Tuesday, February 06, 2007

Suite-intensive arena promises millions in revenue

The city would earn only about $1 million a year in new tax revenues from the Brooklyn arena, according to 2005 analysis by the Independent Budget Office. (And that’s been criticized by analyst Neil deMause for too much optimism; depending how much of the city's seemingly doubled Atlantic Yards contribution were attributed to the arena, the cost-benefit analysis could look even worse for the city.)

But developer Forest City Ratner and other Nets owners stand to earn millions more from lucrative new suites, helping pay for the country’s most expensive arena ($637.2 million) by constructing nearly six times as many suites as the current Continental Airlines Arena, built in 1981.

Suites on the block

And those suites are on sale. Yesterday’s Sports Business Journal (subscription required, but there’s a summary on Nets Daily) reports that the Nets are selling suites to team sponsors and investors, with the sale open to the public around Labor Day. (Would the legal challenges be over by then?)

The suite business offers big profits, and has been the impetus for numerous sports franchises to seek sleek new facilities.

Suite-heavy arena

How would the arena compare? While no one from the Nets would comment to the publication, an audit conducted by KPMG on behalf of the Empire State Development Corporation offers this analysis:
[Forest City Ratner] assumes that approximately 162 of 170 suites will be sold annually through a combination of first ring suites, second ring suites, courtside suites, and loge boxes. The suite price includes the price of tickets to NBA games and approximately 25 percent of other events held at the arena. In addition, it is assumed that three of the four party suites, each with sixty suites, will be sold for all NBA games on an annual basis.
Given the competitiveness of the market, both the total number of suites and the average price per suite assumed by FCRC appear to be on the high end relative to other similar arenas. NBA arenas average approximately ninety suites. Facilities in Chicago, Detroit, Los Angeles, Dallas, Toronto, and Philadelphia are the only ones that offer more than 125 suites. Other than the Palace at Auburn Hills in Detroit, all of these facilities host both NBA and NHL teams.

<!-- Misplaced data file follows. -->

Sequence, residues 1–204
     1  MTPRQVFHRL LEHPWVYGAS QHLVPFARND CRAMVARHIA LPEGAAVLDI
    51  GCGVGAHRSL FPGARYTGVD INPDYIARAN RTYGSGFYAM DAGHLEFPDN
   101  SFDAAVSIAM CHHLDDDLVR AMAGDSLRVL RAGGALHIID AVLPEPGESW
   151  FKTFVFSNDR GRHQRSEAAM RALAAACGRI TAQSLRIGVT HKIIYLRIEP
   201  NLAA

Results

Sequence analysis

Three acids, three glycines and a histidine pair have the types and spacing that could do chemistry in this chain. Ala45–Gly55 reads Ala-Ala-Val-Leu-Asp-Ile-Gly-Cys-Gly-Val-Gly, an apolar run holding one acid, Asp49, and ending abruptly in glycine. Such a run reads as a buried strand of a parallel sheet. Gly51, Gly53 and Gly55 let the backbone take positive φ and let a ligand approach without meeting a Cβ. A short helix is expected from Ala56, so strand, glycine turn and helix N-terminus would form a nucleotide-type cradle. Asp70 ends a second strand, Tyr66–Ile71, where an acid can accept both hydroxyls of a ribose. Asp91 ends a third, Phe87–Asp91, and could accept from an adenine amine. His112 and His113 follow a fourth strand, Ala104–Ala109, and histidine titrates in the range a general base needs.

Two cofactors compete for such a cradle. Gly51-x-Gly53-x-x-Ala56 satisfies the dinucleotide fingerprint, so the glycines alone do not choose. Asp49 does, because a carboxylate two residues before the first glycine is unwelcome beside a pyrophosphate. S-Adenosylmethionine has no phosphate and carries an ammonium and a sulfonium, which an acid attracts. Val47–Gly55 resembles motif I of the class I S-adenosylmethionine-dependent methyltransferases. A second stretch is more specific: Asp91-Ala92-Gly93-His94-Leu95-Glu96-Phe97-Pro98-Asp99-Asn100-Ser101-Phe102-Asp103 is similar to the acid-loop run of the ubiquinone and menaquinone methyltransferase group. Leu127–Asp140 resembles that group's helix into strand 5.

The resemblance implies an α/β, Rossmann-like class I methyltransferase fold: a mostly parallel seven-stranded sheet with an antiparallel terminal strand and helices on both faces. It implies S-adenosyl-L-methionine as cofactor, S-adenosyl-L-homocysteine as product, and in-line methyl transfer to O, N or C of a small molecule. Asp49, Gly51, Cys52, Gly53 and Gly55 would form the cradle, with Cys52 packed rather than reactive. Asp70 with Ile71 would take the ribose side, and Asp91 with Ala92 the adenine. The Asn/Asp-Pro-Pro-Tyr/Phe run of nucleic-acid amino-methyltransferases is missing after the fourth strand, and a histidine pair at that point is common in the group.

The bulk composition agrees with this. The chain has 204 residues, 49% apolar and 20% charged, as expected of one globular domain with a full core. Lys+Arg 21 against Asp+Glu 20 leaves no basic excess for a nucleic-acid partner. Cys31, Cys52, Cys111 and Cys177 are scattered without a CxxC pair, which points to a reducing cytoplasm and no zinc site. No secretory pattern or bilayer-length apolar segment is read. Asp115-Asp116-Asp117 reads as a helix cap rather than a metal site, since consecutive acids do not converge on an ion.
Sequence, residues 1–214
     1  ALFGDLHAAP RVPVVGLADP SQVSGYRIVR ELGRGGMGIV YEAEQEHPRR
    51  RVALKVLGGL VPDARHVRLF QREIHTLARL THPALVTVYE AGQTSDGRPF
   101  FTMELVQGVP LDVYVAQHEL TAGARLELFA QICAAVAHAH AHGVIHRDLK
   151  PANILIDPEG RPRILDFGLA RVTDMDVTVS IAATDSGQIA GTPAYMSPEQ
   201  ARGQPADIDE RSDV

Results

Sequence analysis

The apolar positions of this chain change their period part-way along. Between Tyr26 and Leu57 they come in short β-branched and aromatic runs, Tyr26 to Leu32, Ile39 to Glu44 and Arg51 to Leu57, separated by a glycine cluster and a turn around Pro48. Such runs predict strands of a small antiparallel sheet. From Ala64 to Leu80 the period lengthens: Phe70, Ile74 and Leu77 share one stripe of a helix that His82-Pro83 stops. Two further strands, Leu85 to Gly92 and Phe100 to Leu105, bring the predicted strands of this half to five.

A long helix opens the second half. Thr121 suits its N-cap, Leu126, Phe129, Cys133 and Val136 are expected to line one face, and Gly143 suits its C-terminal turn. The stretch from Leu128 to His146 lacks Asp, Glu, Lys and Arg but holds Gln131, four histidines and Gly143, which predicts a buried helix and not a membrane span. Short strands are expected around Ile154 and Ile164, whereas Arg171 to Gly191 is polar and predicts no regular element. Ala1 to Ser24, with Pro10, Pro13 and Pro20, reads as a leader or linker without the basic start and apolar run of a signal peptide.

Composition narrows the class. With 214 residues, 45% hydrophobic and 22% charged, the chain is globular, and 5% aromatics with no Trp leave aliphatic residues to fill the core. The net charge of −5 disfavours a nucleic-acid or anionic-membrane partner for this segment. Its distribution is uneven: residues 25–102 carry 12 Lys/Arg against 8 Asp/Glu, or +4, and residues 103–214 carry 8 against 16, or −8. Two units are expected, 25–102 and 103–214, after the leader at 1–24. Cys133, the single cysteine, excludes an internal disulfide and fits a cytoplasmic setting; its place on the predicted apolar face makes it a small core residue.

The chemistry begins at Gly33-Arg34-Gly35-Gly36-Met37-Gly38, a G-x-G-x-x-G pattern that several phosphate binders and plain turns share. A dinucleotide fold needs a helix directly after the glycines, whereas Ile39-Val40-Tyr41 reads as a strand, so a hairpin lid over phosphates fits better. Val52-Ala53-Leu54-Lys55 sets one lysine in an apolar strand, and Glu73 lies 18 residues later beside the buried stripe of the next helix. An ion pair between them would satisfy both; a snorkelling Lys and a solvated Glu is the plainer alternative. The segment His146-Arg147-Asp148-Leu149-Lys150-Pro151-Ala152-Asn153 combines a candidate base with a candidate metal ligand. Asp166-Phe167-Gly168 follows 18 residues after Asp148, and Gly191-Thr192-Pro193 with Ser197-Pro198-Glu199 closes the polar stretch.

The report notes that, while there are now about 1100 suites in the New York/New Jersey market, new or renovated facilities would add to that number, “which will further increase the competitiveness of corporate support.” That’s an argument for starting before those new baseball stadiums are built.

Revenue estimates

How much would the suites cost and how much would the owners earn? The developer assumes a range of $58,000 to $580,000, while KPMG notes that the market ranges from $65,000 to $450,000--and adjusts the Nets' top suite price to about $464,000.

How much would the developer earn? That’s tough to calculate, because we don’t know how many suites would be sold at different price points. At an average of 30% of the top price, the average suite would cost $139,200. At 40%, the cost would be $185,600. At 50%, it would be $232,000.

If 162 suites were sold as assumed, the annual revenue for each scenario would be $22.5 million, $30.1 million, or $37.6 million. In other words, it would more than complement the approximately $20 million annually that the developer would get from the Barclays Capital naming rights deal, estimated at $400 million over 20 years.

And Forest City Ratner might get a great jump on paying back much--maybe all--of the arena construction costs. As I noted, the state will offer Forest City tax-free bonds to construct the arena. At a 5% interest rate, $637.2 million would mean payments of about $41 million a year over 30 years, or less than the combined Barclays and suite revenue. (That's if my interest rate and suite revenue assumptions are in the ballpark, so the issue deserves further scrutiny.)

The Sports Business Journal article offers a brief mention of the KPMG report, citing a New York Post mention, but not the detail above.

No comments:

Post a Comment